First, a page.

When I first arrived at the museum, it was a lot smaller than I expected, the reception was about the size of a bathroom, the gentleman sat at the desk had a quirky outfit to match his mannerisms. After paying he directed us to the beginning of the museum, and showed us the door.
We timidly made our way to the door, and upon opening it, revealed a small windy staircase. The walls were a deep maroon, and the walls were filled with cabinets, and pictures of toys. The cabinets filled with toy related bits and bobs, tiny figurines and puppets. Although it seemed disorganised, everything was immaculately clean and well presented.
The museum consisted of two 17th and 18th century buildings, the floors were uneven and the doorways and windows wonky, but all this added to the character of the whole museum. The bears and dolls in the cabinets all looked like they had had their hay day, and it was wonderful to see the history that is preserved in them. I wonder on occasion what children used to play with and how they were entertained without television and iPads that my generation seems to be obsessed with, and their collection is absolutely extensive.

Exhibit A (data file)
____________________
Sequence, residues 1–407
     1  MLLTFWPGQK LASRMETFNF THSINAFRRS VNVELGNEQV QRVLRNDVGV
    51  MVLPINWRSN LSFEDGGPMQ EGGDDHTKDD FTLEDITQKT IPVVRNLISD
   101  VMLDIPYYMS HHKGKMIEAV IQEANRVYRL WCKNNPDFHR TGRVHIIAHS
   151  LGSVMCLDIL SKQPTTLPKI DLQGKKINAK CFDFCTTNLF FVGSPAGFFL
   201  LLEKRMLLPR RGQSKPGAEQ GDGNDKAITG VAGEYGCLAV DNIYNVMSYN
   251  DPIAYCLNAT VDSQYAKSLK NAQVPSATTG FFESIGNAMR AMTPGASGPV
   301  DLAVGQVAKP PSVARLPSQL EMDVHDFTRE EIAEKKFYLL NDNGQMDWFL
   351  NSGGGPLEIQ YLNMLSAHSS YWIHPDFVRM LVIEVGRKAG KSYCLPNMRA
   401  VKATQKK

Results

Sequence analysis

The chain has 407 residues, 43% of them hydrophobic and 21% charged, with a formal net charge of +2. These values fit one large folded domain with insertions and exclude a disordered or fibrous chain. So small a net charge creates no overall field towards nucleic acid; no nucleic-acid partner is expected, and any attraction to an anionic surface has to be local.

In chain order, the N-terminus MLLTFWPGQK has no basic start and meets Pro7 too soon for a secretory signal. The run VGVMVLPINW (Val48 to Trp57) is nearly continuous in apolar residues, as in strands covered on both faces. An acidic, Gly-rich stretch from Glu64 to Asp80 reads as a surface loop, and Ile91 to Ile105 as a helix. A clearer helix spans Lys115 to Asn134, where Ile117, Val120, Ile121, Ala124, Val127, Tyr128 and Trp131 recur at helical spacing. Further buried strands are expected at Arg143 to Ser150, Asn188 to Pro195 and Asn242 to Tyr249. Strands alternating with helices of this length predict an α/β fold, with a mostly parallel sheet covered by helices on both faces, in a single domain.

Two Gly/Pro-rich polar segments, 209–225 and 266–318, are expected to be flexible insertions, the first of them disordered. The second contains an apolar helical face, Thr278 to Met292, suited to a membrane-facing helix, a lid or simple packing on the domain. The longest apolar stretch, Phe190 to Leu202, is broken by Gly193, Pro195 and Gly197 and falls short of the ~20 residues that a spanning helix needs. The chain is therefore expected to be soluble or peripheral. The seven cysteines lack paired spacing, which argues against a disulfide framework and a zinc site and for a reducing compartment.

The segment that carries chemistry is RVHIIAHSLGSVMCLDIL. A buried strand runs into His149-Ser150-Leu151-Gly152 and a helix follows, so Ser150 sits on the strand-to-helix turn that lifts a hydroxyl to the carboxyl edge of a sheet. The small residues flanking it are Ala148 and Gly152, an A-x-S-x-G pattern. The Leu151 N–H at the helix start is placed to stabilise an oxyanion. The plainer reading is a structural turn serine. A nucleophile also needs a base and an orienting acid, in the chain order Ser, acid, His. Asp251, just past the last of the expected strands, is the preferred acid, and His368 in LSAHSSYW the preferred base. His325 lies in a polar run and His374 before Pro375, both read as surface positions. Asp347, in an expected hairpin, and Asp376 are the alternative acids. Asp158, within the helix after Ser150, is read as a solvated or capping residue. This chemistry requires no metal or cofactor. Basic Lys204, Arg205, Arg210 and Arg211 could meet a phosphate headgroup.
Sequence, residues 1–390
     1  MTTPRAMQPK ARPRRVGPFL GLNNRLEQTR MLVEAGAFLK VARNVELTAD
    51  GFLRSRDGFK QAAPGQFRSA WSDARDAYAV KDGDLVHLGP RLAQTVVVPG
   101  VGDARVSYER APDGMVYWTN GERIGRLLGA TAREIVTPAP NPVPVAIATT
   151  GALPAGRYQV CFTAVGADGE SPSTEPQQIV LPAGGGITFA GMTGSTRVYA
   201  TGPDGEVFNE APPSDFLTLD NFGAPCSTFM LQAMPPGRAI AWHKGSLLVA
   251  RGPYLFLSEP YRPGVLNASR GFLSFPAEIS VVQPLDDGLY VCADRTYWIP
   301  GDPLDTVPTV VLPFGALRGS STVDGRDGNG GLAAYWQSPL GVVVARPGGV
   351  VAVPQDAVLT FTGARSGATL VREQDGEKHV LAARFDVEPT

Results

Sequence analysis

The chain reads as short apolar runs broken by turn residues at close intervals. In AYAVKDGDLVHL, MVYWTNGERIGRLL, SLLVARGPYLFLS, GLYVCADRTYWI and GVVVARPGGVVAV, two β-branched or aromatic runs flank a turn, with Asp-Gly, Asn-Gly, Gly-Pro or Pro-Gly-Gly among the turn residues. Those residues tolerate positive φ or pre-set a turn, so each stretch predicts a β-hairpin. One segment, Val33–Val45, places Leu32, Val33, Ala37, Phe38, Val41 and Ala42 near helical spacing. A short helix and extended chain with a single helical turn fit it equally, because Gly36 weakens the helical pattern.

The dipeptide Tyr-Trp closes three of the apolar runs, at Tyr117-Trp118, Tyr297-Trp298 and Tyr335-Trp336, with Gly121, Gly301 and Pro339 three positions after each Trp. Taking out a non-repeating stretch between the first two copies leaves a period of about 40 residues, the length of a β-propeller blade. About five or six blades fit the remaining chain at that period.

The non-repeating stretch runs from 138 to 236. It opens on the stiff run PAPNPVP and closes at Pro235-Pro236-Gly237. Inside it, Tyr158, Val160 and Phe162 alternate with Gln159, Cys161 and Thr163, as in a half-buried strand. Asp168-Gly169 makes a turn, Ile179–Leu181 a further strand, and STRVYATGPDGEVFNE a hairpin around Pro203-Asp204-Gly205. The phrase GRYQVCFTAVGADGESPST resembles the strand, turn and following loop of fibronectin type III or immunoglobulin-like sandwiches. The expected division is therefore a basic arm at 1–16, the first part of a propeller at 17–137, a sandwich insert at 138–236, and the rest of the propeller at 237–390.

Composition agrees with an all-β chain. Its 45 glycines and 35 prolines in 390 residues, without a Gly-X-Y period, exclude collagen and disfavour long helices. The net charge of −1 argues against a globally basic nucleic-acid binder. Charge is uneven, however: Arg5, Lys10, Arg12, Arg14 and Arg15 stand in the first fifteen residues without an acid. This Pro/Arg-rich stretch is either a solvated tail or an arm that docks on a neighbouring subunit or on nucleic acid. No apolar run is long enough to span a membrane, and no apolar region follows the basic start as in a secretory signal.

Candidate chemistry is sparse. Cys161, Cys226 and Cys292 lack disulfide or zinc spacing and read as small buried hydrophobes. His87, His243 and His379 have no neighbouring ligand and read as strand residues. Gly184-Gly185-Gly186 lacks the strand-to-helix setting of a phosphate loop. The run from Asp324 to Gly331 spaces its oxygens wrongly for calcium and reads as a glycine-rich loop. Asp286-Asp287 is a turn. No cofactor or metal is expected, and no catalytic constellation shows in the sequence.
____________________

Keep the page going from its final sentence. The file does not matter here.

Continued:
I especially enjoyed the doll section of the museum, which was right in the rafters, up several winding staircases and a tiny doorway. All the dolls seemed to know you entered the room, all looking at you. It was sad that their playing days were over, and it was funny to see how toys had changed over the years. Most dolls from the past days had teeth it would seem! Whereas nowadays you hardly ever get a doll with teeth.
When taking pictures of the dolls, I tried to achieve eye contact, like I had done in previous shoots of my own dolls.I really enjoyed my day at the museum, it really gave me an insight into the history of toys and dolls, which really helped in my research.